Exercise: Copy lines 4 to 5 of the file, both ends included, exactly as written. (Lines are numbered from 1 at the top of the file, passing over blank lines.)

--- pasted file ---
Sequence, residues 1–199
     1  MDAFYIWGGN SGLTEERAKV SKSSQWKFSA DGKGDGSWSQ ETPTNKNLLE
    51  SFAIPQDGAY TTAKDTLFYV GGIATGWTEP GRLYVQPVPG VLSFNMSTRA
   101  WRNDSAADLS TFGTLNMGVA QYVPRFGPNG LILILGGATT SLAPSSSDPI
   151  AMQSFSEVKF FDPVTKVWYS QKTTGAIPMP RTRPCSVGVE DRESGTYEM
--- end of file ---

   101  WRNDSAADLS TFGTLNMGVA QYVPRFGPNG LILILGGATT SLAPSSSDPI
   151  AMQSFSEVKF FDPVTKVWYS QKTTGAIPMP RTRPCSVGVE DRESGTYEM